I like to think that Deep Level is a horror novel for people who don’t necessarily read horror. First and foremost, it’s a book about four friends — people just like you and I. The only difference is, they happen to find themselves in a situation the rest of us would rather avoid. So why not go and hang out with Rosalind and her little gang for a while? Meet up with them at Jason’s Cafe before they all go off on their adventure. Rosalind’s paying. I guarantee she’ll be good company.
When Rich stumbles upon a secret Victorian underground network, he sees not only a great historical discovery, but also a way out of his humdrum life. He convinces three of his friends to join him, and together, they venture deep into the maze of tunnels beneath London’s bustling streets.
A rude girl made good. An aspiring writer. A cinema usher from Wales. A bookseller who dreams of being an urban explorer. Four friends trapped together in one nightmarish situation as they realise some things are kept secret for a reason.
Will any of them manage to escape the horror that lurks in the Deep Level?
As Syeeda was talking, Ffion was fishing her mobile phone out of her bag. She placed it on the table in front of her and swiped the screen. Rosalind cleared her throat. Ffion looked up to see Rosalind’s eyes dart down to the phone and then back up to meet hers.
“Oh yeah. Sorry. Forgot.” Ffion put her phone back in her bag.
“She did that to me too,” Syeeda sighed.
Rosalind ran a hand through her short, greying hair. “Have I told you my theory about why the zombie is the bogeyman for the modern age?” she asked, addressing both of her friends.
“And this has what to do with mobiles?” asked Syeeda with an arched eyebrow.
“You’ll see,” Rosalind smirked. “In America in the fifties, it was all flying saucers and aliens. That’s because their biggest fear at that time was the threat of Soviet invasion. So the whole flying saucers thing was a metaphor for invasion. In the eighties it was all body-horror movies, like The Thing and The Fly, because of AIDS. The corruption of the body. Go back about fifteen years or so and that’s when the so-called torture-porn movies started coming out, because America was stomping across the Middle East renditioning people and waterboarding them.”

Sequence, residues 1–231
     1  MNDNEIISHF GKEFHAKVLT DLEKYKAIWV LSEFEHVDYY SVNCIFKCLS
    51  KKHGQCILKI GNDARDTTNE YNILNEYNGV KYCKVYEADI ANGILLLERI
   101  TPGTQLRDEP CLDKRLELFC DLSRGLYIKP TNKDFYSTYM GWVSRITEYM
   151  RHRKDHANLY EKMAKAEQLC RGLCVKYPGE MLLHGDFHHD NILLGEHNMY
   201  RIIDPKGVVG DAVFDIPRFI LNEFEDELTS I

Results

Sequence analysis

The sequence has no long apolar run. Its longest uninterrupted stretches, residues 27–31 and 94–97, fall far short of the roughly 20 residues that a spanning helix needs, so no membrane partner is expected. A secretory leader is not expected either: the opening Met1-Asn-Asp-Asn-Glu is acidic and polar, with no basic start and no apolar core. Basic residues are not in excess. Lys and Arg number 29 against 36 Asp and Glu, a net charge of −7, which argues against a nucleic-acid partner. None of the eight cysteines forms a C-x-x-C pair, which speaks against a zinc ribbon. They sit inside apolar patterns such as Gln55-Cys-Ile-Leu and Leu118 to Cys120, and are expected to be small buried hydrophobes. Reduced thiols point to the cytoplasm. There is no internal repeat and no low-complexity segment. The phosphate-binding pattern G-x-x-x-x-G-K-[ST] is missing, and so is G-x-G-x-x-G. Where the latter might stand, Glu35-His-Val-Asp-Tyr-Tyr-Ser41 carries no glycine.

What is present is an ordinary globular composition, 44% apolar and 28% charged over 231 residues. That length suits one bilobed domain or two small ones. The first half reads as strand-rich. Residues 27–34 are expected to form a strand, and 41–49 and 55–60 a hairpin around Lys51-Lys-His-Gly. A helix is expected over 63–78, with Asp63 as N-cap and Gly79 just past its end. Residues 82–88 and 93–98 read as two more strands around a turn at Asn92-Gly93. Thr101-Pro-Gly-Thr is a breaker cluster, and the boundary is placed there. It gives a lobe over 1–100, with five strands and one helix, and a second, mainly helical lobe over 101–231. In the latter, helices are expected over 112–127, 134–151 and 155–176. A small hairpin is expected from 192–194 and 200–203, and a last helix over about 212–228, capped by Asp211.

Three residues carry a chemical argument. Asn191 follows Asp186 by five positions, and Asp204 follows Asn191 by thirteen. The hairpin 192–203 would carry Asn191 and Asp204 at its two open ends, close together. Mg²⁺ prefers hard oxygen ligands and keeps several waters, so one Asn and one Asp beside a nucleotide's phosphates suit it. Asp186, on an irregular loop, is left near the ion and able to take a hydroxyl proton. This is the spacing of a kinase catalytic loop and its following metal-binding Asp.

Ffion was transfixed. Where was Roz going with all this?
“In Japan it was Godzilla and other assorted giant mutated monsters, because of the fear of radiation after the atomic bombs. But the bogeyman for today is the zombie. Everywhere you look, there’s zombies; Walking Dead, World War Z, Pride and Prejudice and Zombies. You can go and have zombie experiences where actors in make-up will chase you around, for god’s sake. And why? Because of these.”
She pulled her mobile phone out of her pocket and held it up.
Ffion and Syeeda looked at each other blankly.
“Okaaay,” Syeeda eventually said. She sounded unconvinced.
“Yep. Every single day, everywhere you go, all you see are people plodding along, stupefied, phones in hand, not looking where they’re going, mouths hanging open, only half aware. And what do they all look like?”
“Zombies,” said Syeeda and Ffion in unison.
Smugly, Rosalind slipped her mobile back into her pocket.
By day, Richard E. Rock works as a commercial scriptwriter for radio and contributes ideas to a popular British comic for grown-ups. But by night...he writes horror.
He was inspired to do this after experiencing a series of particularly ferocious nightmares. After waking up and realising that he could turn these into utterly horrible stories, he started deliberately inducing them.
Based in Wales, he lives with his girlfriend and their cat. If you're looking for him, you'll probably find him wedged up against the barrier at a heavy metal gig, for that is his natural habitat.